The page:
Shehane does “Sunday Bluegrass” on WAGL

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By Greg Summers

Because of the economy, now might not be the best time to start a new business venture, but that isn’t stopping Tony Shehane.

Shehane has started an one-hour radio show, “Sunday Bluegrass” from 4 to 5 p.m. on WAGL (1560-AM). And Shehane, 69, isn’t intimidated by a risk of failure.

“I figured Columbus took a chance on something, so why can’t I?” Shehane said. “It’s really no different. You don’t know if you can succeed if you don’t try.”

Shehane kicked around the idea of starting a bluegrass show for several months and moved forward after talking with his family and WAGL owner Len Phillips.

“I like a challenge,” said Shehane, who is working to establish a fan base and secure sponsors for the weekly radio show, which started April 4.

“Everyone has been very supportive and I figure it’s just like anything else,” Shehane said, shrugging. “The only way to learn how to do anything is by doing.”

Shehane has been pleased by the response “Sunday Bluegrass” has received in its first few weeks.

“You wonder how many people out there are listening to WAGL and I’ve been surprised because it’s a lot more than you think,” he said. “The radio station has the potential to reach one million listeners because of where it’s located.”

Shehane, who doesn’t pick or sing, is a big fan of bluegrass music. He’s been that way since he was a teenager.

“I’ve met some wonderful people through bluegrass music,” he said.

Bluegrass songs tell a story, Shehane said.

“Most of them are about clean living and the importance of God in our lives,” he said. “I like bluegrass because I can take my grandkids to a concert and don’t have to worry about what they are going to be exposed to. It’s wholesome family fun.”

Shehane  has met national acts such as Dailey and Vincent and Doyle Lawson and Quicksilver, and he plans to attend the International Bluegrass Music Association convention in September to interview artists for his show.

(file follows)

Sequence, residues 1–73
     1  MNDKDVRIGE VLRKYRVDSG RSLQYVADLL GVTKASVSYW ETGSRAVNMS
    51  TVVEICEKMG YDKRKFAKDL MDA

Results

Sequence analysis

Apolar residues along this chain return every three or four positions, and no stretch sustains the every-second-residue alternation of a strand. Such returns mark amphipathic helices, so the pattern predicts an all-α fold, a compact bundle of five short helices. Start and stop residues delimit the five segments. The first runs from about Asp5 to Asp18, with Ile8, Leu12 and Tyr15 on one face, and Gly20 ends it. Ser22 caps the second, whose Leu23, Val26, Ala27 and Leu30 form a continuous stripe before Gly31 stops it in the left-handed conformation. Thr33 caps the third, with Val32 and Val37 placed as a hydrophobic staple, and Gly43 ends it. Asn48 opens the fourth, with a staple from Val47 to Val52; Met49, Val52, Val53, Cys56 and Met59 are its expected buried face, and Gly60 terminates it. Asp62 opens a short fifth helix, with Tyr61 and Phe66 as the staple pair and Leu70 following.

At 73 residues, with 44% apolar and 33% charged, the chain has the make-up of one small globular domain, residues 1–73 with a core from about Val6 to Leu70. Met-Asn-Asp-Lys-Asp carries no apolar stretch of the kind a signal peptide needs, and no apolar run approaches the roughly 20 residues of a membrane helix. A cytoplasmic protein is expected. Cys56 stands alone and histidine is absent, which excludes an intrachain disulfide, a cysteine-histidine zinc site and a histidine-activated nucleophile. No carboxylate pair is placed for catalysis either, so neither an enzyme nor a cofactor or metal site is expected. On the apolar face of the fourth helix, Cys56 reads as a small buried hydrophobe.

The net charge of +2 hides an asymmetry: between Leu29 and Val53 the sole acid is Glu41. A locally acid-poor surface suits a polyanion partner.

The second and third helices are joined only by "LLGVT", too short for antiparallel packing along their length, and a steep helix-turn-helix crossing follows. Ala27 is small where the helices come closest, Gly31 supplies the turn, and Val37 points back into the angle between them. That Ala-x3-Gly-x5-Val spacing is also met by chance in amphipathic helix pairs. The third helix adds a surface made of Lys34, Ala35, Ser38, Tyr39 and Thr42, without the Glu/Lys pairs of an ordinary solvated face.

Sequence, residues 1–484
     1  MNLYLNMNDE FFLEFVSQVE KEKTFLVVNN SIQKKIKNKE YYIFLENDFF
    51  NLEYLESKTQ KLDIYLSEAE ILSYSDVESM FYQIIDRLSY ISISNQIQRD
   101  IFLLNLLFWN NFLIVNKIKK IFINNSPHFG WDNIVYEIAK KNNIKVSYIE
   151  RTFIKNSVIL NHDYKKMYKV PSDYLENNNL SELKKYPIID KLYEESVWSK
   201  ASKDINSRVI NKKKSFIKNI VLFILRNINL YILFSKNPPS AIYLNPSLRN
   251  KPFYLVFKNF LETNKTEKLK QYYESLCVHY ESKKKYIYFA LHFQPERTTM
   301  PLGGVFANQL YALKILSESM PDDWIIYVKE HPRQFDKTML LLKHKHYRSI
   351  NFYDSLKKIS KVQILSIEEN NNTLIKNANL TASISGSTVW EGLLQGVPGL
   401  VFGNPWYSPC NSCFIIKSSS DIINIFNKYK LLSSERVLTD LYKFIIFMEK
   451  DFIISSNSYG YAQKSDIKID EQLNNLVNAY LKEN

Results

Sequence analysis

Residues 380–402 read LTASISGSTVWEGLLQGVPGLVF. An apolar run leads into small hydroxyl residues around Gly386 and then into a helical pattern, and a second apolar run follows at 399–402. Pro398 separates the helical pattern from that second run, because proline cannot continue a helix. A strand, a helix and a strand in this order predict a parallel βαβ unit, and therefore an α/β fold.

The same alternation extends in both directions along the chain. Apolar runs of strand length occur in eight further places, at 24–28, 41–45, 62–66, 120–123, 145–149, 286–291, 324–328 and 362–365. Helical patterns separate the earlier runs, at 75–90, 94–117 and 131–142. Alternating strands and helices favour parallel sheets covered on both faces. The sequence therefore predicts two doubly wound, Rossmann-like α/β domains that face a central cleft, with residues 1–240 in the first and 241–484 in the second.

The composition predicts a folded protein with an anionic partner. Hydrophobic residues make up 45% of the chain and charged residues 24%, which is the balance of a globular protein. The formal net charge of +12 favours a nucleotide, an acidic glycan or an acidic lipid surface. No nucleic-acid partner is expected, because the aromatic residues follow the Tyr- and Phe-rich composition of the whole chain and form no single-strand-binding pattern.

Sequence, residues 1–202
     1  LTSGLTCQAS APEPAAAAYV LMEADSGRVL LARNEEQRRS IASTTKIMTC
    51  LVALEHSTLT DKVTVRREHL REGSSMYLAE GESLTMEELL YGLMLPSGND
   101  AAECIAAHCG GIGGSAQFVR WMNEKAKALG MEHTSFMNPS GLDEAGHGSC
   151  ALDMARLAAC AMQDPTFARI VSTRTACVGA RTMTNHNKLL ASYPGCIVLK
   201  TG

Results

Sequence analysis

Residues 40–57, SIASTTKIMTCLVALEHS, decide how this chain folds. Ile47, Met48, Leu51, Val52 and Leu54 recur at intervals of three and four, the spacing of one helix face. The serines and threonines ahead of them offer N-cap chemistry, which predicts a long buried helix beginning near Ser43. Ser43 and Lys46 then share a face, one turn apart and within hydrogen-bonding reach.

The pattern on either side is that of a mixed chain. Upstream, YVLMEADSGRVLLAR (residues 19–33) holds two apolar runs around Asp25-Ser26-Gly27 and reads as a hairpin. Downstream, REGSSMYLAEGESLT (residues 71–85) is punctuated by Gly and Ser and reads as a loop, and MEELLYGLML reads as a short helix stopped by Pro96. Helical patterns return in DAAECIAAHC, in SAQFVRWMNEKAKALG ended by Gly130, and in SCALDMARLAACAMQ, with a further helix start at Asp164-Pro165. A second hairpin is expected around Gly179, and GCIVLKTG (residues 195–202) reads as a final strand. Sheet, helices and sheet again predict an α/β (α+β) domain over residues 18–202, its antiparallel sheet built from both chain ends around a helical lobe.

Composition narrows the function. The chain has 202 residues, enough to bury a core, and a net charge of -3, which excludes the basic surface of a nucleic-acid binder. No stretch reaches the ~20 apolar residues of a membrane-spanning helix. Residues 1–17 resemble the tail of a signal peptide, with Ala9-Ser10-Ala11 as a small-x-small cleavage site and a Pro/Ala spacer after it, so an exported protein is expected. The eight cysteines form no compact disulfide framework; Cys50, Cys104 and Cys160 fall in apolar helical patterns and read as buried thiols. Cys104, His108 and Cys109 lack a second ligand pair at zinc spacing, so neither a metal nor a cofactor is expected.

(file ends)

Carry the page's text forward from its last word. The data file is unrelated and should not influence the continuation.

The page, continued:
“For me to get a take on things for our listeners from somebody like Ralph Stanley would a dream come true,” he said. “Bluegrass folks are some of the nicest people around.”

Shehane’s show doesn’t focus only on the big names of bluegrass, though. He also highlights the music of local bands, such as Deeper Shade of Blue from Monroe, N.C., and Chapel Road of Blackstock, a community in Chester County.

“What we’re trying to do is branch out by featuring a mixture of everybody and regular and gospel bluegrass,” he said. “We are going to try different things as we go to see what listeners like the most. You don’t go fishing with a bare hook. You gotta have something to entice the fish to bite. Your hope is to work out the rough spots and make progress with every show. That’s how you build a faithful audience.”  

Shehane is content with a 60-minutes show each week, but if “Sunday Bluegrass” grows in popularity, it could expand.

“Anything is possible. You know, I cut on the Internet the other day and heard an Italian band playing bluegrass. I didn’t understand a single word they were singing, but I know a five-string banjo when I hear it,” Shehane said, laughing.


• What: “Sunday Bluegrass,” a weekly bluegrass music radio show hosted by Tony Shehane

• When: 4 to 5 p.m. Sunday on WAGL (1560 AM)

• For details: bluesgrass29720@live.com or (803) 320-4371 or Sunday Bluegrass, P.O. Box 241, Lancaster SC 29721, attention: Tony Shehane


Contact features editor  Greg Summers at gsummers@thelancasternews.com or at (803) 283-1156.